Social Father Presence: The Experience of Being Raised by Black Social Fathers.

AuthorMcDougal, Serie, III


What does it mean to be present or absent? The word absent refers to a lack of presence or being away, whereas presence is being located in a particular place. Absence may also be used to identify a state of inattentiveness or distraction, while presence can also refer to being focused or aware. Black children experience a variety of fathering types. Yet, current research on Black fathers has generated a great deal of awareness about notions of father absence, with frequent references to father absent homes and the fatherless children who live in them. This absence paradigm can have a tendency of focusing primarily on family structure and household composition in efforts to explain Black children's relationships to their fathers (White & Cones, 1999). Such research has given insufficient attention to family organization, father-child relationships, and how well Black fathers meet children's needs for social and emotional security (White & Cones, 1999). Fathers may be absent from homes, yet have varying degrees of presence in their children's lives. The terms, absence or non-residence are often assumed to be indicators of fathers' levels of involvement with their children, this may be true for some fathers and a vast overgeneralization for others. This is in part because the idea of absence, often ignores the role of non-resident fathers (Franklin, 2004). African American fathers are often involved in their children's lives regardless of their residential status at higher levels than other ethnic groups (Doyle, Clark, Cryer-Coupet, Nebbitt, & Goldston, et al., 2015). Non-custodial parentage is inappropriately assumed to indicate irresponsibility in ways that do not reflect some families' realities (Coles, 2009). Not only are non-resident fathers ignored, so are non-biological fathers.

Seventy-three percent of African American youth are born to unwed mothers and 67% will spend some part of their childhood living in a single-parent household, compared with 23% of the general population (Parent, Jones, Forehand, Cuellar, & Shoulberg, 2013). Moreover, divorced and unmarried parents are likely to spend some time entering and exiting romantic relationships. Consequently, it is estimated that one third of children in the United States will spend some time living with a social parent (non-biological parent) during their childhood; others may be parented by non-resident social parents (Coleman, Ganong, & Fine, 2004). Social fathers can be resident or non-resident stepfathers, mothers' romantic partners, grandfathers, uncles, and many other family associates who demonstrate parental behavior and act as fathers or father figures to a child (Letiecq & Koblinsky, 2004). This social trend calls for a reappraisal of the notions of father absence and fatherlessness in light of the involvement of social fathers. Stereotypes of fathers as uninvolved, Black children as fatherless, and lack of research about the impact of Black social fathers, may generate a kind of absence or distraction, and inattentiveness in the research community with regard to the range of fathering experiences that Black children have. This particular investigation is about the experiences and perspectives of Black people who were raised by Black social fathers. Given the presence of Black social fathers in Black children's lives, it is important that the research community studies the ways they impact Black children's lives. Lack of research about how Black people are affected by social fathering, can leave the mental health and social service community ill equipped to anticipate the challenges they are likely to encounter and effect the way of sustaining healthy relationships and resolving unhealthy ones. Empirical research on the impact of different kinds of social fathers on Black people can provide a knowledge base for effective family advocacy of different types, including family therapy.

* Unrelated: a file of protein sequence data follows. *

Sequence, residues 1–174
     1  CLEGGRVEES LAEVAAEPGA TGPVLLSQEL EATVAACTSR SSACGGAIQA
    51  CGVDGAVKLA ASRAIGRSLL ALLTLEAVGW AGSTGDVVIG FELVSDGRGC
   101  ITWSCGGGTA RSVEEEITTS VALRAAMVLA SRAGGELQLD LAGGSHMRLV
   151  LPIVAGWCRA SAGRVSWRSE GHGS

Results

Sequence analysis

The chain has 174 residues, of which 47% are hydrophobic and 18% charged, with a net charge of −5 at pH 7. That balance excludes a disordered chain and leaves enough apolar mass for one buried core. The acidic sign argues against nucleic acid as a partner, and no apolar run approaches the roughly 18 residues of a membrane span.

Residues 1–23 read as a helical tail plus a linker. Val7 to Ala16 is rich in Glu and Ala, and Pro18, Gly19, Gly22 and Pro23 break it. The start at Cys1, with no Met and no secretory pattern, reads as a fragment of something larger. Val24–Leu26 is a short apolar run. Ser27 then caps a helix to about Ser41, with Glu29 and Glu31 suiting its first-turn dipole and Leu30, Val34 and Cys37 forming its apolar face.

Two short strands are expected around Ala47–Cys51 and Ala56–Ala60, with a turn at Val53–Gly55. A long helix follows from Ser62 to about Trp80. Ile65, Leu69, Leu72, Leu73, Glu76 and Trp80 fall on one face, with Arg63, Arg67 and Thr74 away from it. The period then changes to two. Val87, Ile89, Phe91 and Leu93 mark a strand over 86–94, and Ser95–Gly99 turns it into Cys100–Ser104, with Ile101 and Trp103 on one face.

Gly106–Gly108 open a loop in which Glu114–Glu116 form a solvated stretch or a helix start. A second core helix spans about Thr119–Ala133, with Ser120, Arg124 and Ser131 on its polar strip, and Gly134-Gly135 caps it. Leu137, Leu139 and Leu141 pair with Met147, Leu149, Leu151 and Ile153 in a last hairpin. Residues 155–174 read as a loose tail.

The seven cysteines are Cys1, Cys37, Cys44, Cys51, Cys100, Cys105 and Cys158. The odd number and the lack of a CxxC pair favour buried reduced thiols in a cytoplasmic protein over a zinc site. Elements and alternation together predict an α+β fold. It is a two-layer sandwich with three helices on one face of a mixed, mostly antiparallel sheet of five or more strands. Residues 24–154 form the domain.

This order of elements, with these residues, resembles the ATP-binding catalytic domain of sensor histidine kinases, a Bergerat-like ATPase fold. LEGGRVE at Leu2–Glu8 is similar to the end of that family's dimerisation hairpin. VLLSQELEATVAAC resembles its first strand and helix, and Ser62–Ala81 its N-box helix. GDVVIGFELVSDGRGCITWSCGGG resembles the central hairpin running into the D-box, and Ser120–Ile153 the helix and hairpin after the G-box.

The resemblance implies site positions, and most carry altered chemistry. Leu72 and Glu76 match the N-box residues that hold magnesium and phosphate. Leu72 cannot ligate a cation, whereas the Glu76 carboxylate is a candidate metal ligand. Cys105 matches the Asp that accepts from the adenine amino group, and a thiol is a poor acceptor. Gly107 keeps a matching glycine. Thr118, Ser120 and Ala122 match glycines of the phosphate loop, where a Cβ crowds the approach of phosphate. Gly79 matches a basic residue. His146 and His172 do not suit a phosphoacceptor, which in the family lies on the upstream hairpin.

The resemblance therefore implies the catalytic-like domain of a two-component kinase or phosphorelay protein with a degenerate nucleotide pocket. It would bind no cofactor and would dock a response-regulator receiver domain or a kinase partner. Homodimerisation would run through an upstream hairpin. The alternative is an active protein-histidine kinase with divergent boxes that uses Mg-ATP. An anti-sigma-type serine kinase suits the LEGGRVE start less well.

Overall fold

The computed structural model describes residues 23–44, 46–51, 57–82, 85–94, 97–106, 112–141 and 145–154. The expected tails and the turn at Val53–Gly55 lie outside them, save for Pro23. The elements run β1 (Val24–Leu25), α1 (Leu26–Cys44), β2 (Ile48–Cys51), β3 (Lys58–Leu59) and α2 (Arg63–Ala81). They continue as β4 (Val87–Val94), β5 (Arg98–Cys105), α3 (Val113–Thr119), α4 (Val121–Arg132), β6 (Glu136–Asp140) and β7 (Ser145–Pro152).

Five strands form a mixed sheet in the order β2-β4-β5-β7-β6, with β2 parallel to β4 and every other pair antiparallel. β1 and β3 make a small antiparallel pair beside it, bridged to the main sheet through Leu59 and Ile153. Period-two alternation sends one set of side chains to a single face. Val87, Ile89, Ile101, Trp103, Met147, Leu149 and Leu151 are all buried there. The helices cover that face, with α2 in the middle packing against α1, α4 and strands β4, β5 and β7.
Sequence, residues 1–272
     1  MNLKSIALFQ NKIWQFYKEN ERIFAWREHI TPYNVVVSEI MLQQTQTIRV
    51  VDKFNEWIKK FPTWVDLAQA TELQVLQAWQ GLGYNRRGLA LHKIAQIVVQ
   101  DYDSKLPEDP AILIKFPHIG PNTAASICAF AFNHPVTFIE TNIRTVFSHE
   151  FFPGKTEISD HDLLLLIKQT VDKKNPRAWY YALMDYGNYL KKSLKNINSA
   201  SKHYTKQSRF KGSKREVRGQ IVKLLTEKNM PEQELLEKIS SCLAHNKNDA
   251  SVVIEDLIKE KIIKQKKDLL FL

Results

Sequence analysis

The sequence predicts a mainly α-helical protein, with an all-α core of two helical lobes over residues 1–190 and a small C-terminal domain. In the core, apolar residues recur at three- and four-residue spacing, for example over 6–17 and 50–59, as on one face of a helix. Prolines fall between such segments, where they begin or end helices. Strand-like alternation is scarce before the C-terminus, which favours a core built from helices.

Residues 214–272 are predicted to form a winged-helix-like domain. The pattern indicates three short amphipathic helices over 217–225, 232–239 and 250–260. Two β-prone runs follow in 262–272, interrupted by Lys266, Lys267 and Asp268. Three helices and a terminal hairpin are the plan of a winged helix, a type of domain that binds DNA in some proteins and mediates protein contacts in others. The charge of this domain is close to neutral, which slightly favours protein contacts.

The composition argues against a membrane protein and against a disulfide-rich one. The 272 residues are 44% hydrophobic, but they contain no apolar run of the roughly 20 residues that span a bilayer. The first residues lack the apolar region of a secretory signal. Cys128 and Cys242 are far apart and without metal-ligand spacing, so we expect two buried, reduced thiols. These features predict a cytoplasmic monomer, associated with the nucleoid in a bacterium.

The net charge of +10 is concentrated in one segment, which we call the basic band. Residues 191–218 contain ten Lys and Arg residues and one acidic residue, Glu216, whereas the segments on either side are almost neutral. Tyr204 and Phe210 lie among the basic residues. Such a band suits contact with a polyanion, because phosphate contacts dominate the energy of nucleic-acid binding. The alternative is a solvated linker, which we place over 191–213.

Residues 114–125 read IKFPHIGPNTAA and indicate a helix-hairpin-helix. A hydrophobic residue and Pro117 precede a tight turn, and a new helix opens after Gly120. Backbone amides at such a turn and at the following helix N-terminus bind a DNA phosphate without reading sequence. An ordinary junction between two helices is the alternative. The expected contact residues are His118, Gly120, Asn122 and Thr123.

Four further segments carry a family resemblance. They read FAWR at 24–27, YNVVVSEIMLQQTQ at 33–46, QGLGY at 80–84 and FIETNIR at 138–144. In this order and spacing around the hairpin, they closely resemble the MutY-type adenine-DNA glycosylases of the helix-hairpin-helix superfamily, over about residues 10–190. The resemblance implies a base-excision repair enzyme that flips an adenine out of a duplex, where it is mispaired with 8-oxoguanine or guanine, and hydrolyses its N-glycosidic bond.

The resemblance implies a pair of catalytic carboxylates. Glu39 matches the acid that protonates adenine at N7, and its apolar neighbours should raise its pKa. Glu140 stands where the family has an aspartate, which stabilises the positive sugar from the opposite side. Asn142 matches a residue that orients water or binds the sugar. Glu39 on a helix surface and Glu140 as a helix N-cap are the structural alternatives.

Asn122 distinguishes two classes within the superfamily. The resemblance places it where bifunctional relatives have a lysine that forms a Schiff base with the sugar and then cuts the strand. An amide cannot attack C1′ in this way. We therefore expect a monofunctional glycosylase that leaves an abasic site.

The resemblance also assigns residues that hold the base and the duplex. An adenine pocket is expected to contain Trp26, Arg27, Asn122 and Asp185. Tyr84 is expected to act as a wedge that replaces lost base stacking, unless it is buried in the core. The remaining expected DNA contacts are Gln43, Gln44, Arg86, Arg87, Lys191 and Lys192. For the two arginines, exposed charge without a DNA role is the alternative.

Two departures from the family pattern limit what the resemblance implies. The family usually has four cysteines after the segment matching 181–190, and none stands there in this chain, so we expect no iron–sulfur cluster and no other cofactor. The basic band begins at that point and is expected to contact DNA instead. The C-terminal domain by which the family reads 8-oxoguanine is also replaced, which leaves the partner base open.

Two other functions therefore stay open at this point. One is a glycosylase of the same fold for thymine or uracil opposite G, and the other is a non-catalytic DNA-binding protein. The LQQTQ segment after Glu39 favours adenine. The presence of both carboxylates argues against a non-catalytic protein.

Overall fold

Literature Review

There is little research on the impact that social fathers have on children, and less on the impact of Black social fathers on Black children. Generally, social father involvement has been linked to child outcomes such as less behavioral problems, better overall health, greater school readiness, and better cognitive skills (Letiecq, 2010; Hattery, & Smith, 2014). Coley (2003) investigated the role of biological and social fathers in the lives of low-income adolescent African American girls. This research highlights that the mere presence of fathers in daughters' lives is not the most important factor, instead, it is the quality of the daughter-father relationships which is most central. Coley (2003) found that 65% of her sample of 302 girls had someone who fulfilled a primary fathering role, including biological (41%) and social fathers (24%). Among girls who identified the presence of biological fathers, most reported stronger attachments to social fathers compared to biological fathers (Coley, 2003). Coley (2003) found that the more father-daughter relationships were characterized by anger and alienation, girls experienced increased amount of problems in school. When fathers are inaccessible and lack responsiveness to daughters, daughters may disengage emotionally.